Mainstream Media to Webheads: Thanks for the Free Content!
Yesterday, in the wake of the amazing U.S. Airways Flight 1549 story, I suggested that the chief benefit of Twitter and “citizen journalism” reports is that they’re very, very fast. That speed is why Twitterer Janis Krums, who took that amazing photo as his ferry headed over to pick up passengers from the downed plane, is now an instant celebrity. Did you catch him on “Good Morning America” today?
But this morning I got a missive from an employee at one of the cable news networks, who tells me I’ve got it all wrong. Speed is nice, but these days, there are other considerations that are much more important for media companies:
It’s not the speed of Twitter photo that’s remarkable. It’s that it’s FREE. In the past, we would have got that pic from one of the agencies. We didn’t need anything from the agencies yesterday. Anything we couldn’t get from our own crews, people sent us FOR FREE.”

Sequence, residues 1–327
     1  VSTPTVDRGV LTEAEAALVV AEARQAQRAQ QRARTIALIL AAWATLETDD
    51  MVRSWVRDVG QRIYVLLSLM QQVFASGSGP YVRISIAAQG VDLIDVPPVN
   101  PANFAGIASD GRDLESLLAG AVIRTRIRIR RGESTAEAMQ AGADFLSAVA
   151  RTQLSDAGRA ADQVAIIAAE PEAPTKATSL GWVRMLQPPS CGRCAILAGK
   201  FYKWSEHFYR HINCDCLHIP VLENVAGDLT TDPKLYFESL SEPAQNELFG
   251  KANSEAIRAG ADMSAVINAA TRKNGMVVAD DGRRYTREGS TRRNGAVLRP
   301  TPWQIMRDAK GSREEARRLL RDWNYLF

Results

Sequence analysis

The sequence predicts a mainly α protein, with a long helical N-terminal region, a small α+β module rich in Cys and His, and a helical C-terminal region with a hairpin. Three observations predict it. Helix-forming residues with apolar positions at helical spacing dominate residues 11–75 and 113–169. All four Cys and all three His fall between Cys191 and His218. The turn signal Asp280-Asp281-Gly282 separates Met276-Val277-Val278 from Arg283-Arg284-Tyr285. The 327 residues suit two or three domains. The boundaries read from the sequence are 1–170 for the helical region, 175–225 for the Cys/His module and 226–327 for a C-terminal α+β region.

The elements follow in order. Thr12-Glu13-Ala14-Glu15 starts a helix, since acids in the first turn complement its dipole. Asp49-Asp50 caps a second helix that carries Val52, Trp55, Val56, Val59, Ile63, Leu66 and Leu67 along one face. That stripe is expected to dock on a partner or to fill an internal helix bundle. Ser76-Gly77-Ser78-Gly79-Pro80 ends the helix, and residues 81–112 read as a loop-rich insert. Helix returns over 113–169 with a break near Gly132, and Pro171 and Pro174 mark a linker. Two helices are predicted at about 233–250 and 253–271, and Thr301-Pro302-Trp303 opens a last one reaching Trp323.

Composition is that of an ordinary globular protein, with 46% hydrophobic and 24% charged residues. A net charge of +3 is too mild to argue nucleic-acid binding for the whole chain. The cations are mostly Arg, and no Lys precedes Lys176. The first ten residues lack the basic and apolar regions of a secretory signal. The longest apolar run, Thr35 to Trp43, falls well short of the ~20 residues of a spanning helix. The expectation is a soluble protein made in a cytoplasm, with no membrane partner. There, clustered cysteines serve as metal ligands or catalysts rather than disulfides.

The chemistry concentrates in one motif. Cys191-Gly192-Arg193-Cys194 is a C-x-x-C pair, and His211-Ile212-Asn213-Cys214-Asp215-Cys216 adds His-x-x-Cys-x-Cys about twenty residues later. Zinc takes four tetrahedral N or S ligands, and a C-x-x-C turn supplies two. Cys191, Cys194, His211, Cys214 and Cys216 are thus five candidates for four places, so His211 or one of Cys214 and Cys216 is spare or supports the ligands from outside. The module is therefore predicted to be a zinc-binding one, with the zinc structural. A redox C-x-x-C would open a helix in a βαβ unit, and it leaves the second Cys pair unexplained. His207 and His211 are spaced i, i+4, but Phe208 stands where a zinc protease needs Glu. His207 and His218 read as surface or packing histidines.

See? Who says old media have been slow to adapt to the Web?
There are some Webby start-ups premised on this idea, too. NowPublic, notably, is trying to organize amateur reporters and photographers into something resembling a newswire, or at least an interesting site. But those guys still have to figure out how turn that into a business.
But the big guys already have a business. It’s a pretty good one, too: Selling TV airtime to advertisers for a lot more money than the Web guys will ever hope to get. And if they can squeeze a few more dollars out of free Internet content, via outlets like Twitter and Time Warner’s (TWX) CNN iReport site, so much the better.